No vote for British MPs unhappy about coronavirus restrictions

LONDON — U.K. MPs have failed in their bid to force the government to seek parliamentary approval before adopting new coronavirus restrictions.

House of Commons Speaker Lindsay Hoyle ruled an amendment to legislation renewing COVID-19 regulations should not be put forward for a vote by MPs because he wanted to prevent “uncertainty” and potential legal challenges to lockdown rules.

However, Hoyle slammed the government for treating parliament with “contempt” and for publishing new rules just hours before restrictions come into place and with “unconvincing” explanations.

“I am now looking to the government to rebuild the trust with this house and not treat it with the contempt that it has shown,” he said.

Backbench Tory MPs have been increasingly vocal in recent weeks about the way restrictions designed to stop the spread of COVID-19 have been introduced. The amendment, put forward by senior Tory MP Graham Brady, was reported to have attracted widespread support among Conservative ranks.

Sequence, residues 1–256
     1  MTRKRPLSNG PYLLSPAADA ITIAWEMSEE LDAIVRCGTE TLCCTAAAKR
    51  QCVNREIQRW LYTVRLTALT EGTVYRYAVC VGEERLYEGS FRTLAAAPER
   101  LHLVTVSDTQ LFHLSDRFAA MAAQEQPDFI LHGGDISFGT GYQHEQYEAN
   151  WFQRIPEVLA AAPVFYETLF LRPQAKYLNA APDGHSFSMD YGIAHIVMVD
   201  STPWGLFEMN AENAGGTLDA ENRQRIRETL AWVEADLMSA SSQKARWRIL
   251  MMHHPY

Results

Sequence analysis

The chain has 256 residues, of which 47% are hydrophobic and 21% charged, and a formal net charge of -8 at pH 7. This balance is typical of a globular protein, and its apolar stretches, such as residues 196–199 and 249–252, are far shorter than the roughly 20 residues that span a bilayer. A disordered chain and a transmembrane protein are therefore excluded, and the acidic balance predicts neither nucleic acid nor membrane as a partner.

Brady told BBC Radio 4’s Today program last week that ministers had “got into the habit of ruling by decree,” citing the “imposition” of the limit of six people meeting for social gatherings.

It is still possible the government will offer concessions to the rebels to try to keep the wider party onside. Earlier on Wednesday, Business Secretary Alok Sharma hinted that the government could try to appease disgruntled MPs. “We are having a look,” he told the BBC.


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